City Lit Spotlights Faith and Females in the Book of J.B.

Judy Lea steele (foregorund), Barbara Roeder-Harris, Elaine Carlson, Stephanie Monday (left to right, background). Photo by Tom McGrath. “Meet you at the ‘old broad’ play,” my plus one said. We, being crones ourselves, and veterans of all-female companies Babes With Blades and Footsteps, were looking forward to a play entirely performed by women over age 55. Director Brian Pastor assembled nine women to play the 23 roles in Glencoe native and poet Archibald MacLeish’s interpretation of the Book of Job, 1958’s J.B., winner of the Tony and the Pulitzer that year. Under a circus big top, balloon and popcorn vendors assume the mantles (perfect period/periodless costumes by Alaina Moore) and masks (striking work by David Knezz) of God and Satan to replay the tale of the tested and tortured man (God says the man will remain faithful under duress; Satan bets the other side). Zuss, aka Zeus/God (Elaine Carlson) and Nickles, aka Old Nick/The Devil (Morgan McCabe) preside over the story unfolding in the ring, where prosperous banker J.B. (Stephanie Monday) leads a lovely life with his wife Sarah (Judy Lea Steele) and his children, before he loses them to war and a car accident (and his skin to boils). Each successive tragedy is punctuated by Zuss banging an Irish bodhrán drum. The performances are universally solid, anchoring a somewhat meandering narrative. The two leads and three others (the figures of history, science and religion) execute excellent mask work, giving the Biblical story a Greek chorus vibe. However, the choice to make the male characters speak in their lower registers was unnecessary—the gender fluidity would have been more effective if actors had been allowed to “just be.” The nature of fealty is timely this week, as Alabamians are being asked to choose pedophilia over prudence just to play politics. What is faith and if it’s perverted, what is the outcome? Should we be grateful for whatever we receive? I am grateful that women are getting more space on stage and in the zeitgeist outside the theater. And continuing to have the ability to give thanks is indeed a Thanksgiving miracle. J.B. runs at City Lit Theater, now in its 37th season, at Edgewater Presbyterian Church, 1020 W. Bryn Mawr Ave., through December 10, on Fridays and Saturdays at 7:30pm, and Sunday at 3pm (added Monday 7:30pm shows on November 20 and December 4). Tickets are $12-$32, and available online or at 773-293-3682.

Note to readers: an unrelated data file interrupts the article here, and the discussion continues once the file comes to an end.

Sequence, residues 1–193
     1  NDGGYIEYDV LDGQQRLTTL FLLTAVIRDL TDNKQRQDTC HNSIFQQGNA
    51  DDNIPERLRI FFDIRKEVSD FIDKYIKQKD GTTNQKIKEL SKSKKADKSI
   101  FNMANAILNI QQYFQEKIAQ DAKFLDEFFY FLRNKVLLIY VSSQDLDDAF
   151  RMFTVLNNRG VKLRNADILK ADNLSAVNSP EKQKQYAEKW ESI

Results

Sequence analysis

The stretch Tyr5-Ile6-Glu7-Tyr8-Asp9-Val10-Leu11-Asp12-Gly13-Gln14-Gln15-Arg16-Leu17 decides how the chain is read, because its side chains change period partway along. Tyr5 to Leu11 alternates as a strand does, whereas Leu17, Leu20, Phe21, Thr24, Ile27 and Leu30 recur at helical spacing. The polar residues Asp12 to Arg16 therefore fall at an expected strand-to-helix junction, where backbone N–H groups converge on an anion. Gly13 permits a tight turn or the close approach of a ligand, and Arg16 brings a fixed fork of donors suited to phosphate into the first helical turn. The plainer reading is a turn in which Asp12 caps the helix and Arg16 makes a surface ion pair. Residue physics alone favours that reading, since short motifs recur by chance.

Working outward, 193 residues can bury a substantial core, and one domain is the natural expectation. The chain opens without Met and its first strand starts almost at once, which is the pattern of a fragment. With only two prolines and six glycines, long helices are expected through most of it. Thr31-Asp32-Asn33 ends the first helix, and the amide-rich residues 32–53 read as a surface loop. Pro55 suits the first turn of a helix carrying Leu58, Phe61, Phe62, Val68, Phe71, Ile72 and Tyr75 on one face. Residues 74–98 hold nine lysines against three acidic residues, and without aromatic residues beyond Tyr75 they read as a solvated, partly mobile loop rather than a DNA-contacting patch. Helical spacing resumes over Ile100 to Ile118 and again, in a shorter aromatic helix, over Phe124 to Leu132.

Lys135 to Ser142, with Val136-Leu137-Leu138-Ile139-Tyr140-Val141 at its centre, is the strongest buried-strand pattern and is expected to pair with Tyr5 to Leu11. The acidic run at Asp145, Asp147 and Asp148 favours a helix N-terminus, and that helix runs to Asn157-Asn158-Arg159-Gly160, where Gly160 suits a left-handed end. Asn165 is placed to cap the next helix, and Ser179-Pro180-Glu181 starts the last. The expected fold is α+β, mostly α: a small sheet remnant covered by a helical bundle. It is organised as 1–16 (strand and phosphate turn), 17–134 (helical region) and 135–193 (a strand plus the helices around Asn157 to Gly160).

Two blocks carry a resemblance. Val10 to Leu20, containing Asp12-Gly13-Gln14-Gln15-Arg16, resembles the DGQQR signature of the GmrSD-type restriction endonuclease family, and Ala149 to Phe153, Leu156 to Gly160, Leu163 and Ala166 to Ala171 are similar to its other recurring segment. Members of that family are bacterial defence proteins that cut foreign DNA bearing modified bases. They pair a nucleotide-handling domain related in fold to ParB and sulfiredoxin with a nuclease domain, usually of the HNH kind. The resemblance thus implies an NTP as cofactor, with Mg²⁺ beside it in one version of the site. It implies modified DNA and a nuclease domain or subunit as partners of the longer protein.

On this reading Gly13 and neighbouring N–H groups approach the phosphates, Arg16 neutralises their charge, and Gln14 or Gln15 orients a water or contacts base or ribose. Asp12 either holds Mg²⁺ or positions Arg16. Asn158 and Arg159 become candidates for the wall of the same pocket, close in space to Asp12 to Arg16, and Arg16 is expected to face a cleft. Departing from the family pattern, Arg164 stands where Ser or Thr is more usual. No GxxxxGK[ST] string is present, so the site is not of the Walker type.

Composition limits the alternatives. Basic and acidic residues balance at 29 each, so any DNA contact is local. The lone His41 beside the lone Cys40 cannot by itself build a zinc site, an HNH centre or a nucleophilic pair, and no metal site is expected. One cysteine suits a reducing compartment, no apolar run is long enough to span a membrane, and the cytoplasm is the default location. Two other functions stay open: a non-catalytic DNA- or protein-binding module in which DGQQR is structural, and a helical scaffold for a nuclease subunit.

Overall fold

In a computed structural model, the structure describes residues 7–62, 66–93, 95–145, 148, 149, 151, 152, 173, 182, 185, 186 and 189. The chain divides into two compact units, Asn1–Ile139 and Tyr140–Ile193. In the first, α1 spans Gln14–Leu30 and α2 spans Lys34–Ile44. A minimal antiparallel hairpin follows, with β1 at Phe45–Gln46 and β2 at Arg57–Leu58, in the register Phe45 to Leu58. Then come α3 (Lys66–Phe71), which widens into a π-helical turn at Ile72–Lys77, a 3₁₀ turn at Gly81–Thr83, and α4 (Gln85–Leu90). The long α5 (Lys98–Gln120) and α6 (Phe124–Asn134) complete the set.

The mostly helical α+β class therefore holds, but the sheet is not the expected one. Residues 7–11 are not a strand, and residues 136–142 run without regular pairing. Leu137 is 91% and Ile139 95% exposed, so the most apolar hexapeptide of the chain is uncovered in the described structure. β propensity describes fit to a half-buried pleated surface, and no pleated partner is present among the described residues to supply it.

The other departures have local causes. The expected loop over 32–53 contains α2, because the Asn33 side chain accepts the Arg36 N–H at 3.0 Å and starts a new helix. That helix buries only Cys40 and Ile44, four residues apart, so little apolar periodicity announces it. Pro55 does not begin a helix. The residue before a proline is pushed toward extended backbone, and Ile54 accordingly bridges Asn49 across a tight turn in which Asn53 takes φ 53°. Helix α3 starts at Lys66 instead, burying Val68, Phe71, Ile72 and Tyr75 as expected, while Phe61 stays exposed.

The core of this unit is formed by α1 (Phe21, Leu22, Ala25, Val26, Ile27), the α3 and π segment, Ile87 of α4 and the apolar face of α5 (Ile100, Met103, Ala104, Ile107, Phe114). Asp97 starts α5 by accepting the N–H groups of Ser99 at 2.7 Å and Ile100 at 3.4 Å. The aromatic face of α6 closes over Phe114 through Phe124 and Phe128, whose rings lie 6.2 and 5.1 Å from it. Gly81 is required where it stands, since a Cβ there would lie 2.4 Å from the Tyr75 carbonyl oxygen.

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Karin McKie

Karin McKie is a Chicago freelance writer, cultural factotum and activism concierge. She jams econo.